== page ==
McKinney ISD

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MISD Lowers Tax Rate 9.8 Cents, Will Save about $370 on Annual Property Taxes for Average McKinney Home Value ($377,755)

Press Release|
Shane Mauldin|
Wednesday, August 25, 2021
McKinney ISD Board of Trustees President Amy Dankel at an MISD board meeting in January. On Tuesday night, the board approved a 9.8 cent MISD tax rate decrease.

McKinney ISD Board of Trustees President Amy Dankel at an MISD board meeting in January. On Tuesday night, the board approved a 9.8 cent MISD tax rate decrease.

McKinney, Texas – At their August meeting on Tuesday night, the McKinney ISD Board of Trustees approved a 9.8 cent property tax rate decrease for 2021–2022.

The drop in the tax rate is the result of MISD’s use of federal ESSER III grant funding that will be available from 2021–2022 through the 2023–2024 school year. The ESSER III funds will allow the district to forego access to the Voter Approved Tax Rate Election (VATRE) that passed overwhelmingly in May and provide a more significant overall tax decrease than that which the VATRE would have resulted in.

The district originally planned to access the VATRE to provide a net tax rate decrease of 3 cents. However, the availability of ESSER III funds now positions the district to provide a substantially lower tax rate without accessing the VATRE.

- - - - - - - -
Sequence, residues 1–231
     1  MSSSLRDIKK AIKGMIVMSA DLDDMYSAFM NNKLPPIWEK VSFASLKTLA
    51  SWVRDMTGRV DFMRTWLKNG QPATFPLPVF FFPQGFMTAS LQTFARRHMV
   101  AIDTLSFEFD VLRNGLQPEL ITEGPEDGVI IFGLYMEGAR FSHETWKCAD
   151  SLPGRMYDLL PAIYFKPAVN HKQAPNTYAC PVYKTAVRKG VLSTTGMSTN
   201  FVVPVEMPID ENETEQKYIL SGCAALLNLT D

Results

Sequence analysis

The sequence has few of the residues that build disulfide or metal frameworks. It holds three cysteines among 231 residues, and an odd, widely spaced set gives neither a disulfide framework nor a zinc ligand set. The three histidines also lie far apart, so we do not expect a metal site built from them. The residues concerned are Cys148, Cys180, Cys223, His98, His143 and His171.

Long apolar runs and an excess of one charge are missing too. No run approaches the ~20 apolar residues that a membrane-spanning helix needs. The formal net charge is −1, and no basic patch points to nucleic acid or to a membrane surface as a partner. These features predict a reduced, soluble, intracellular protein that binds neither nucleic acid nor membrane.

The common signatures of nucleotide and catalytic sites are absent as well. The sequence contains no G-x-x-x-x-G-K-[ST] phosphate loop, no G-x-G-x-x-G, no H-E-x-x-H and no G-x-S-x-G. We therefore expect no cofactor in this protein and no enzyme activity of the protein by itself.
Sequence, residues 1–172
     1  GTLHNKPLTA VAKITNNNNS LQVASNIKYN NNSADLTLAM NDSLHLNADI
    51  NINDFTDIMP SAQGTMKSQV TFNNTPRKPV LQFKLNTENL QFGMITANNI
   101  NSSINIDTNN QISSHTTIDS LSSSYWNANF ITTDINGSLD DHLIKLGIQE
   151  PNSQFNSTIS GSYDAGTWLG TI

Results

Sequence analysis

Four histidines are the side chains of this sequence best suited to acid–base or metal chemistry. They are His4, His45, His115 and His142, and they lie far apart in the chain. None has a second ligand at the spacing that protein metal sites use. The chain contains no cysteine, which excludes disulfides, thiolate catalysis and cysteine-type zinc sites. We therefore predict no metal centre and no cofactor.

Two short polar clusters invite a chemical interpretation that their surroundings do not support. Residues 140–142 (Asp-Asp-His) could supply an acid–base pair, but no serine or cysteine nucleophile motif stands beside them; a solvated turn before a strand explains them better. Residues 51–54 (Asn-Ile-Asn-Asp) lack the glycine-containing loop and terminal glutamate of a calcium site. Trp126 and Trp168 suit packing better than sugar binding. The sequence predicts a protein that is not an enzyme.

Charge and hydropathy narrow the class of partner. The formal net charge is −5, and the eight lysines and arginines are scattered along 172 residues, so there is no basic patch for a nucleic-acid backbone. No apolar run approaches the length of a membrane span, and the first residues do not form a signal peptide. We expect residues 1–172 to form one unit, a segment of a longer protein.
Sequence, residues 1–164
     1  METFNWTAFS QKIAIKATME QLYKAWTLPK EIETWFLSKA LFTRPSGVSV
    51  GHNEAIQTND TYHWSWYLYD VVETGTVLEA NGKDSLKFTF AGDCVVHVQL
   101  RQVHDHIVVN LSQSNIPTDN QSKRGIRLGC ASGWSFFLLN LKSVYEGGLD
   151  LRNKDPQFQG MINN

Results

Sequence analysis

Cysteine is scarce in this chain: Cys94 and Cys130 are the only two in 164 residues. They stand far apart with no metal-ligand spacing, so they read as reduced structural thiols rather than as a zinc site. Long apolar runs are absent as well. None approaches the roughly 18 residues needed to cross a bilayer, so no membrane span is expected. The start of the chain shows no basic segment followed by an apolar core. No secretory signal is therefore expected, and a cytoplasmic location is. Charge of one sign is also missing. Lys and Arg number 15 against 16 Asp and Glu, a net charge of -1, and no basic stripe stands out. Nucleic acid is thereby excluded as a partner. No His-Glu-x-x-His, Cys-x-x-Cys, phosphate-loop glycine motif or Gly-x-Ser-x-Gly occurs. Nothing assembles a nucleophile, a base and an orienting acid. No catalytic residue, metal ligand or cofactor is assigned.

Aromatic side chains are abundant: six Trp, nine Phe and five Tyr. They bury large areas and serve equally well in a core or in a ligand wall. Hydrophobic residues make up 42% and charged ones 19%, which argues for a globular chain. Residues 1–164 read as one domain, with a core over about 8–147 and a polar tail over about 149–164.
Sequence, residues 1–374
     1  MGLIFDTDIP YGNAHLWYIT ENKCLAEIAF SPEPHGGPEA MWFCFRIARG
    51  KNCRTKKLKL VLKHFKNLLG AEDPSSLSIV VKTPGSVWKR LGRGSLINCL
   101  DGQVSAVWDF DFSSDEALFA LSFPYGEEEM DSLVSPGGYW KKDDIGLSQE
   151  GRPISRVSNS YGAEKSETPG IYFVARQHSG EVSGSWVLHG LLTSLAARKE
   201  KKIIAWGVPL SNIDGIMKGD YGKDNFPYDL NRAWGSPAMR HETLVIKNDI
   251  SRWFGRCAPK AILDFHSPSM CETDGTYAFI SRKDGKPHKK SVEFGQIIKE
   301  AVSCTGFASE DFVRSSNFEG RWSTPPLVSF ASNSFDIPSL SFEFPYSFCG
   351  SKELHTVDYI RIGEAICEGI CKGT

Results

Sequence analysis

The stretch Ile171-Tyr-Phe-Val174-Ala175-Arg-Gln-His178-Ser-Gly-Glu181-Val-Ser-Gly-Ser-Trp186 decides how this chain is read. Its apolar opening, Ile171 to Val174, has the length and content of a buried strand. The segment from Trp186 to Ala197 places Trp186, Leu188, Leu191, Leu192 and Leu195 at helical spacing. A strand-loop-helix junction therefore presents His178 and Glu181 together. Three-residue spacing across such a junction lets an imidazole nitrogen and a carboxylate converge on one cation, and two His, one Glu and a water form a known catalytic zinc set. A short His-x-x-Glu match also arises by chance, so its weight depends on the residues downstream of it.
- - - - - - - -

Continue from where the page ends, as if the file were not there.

For 2021–2022 the MISD Maintenance & Operations tax rate will drop from the previous $1.0547 per $100 of assessed property value to $1.0067 — a decrease of 4.8 cents. The Interest & Sinking tax rate will drop from $0.42 to to $0.37 — a decrease of 5 cents.

The new MISD combined tax rate for 2021–2022 is $1.3767 per $100 of assessed property value.

For the average home value in McKinney ($377,755), the new combined tax rate will result in approximately $370 in savings on annual property taxes.

“The opportunity to substantially reduce the district’s tax rate by 9.8 cents while at the same time meeting the needs of all of our students is a win for our students, our stakeholders and MISD,” said Jason Bird, Deputy Superintendent of Business, Operations, Accountability and Technology. “McKinney has always supported and recognized the value of strong schools, and this funding presents an opportunity to provide additional tax relief to our taxpayers.”

ESSER funds were introduced through three pieces of legislation and are administered by the Texas Education Agency as separate grant programs. ESSER I was authorized as part of the Coronavirus Aid, Relief, and Economic Security (CARES) Act. Those grants were intended to help schools respond to COVID-19. ESSER II and III are intended to cover the costs of reopening and operating schools with new safety protocols and to support districts as they navigate the operational impact of the COVID pandemic. ESSER I and ESSER II totaled $6.8 billion at the state level, and ESSER III totaled $11.2 billion in relief funds to the state. ESSER I and ESSER II funds were fully supplanted by the State, meaning no additional funds were received by MISD.

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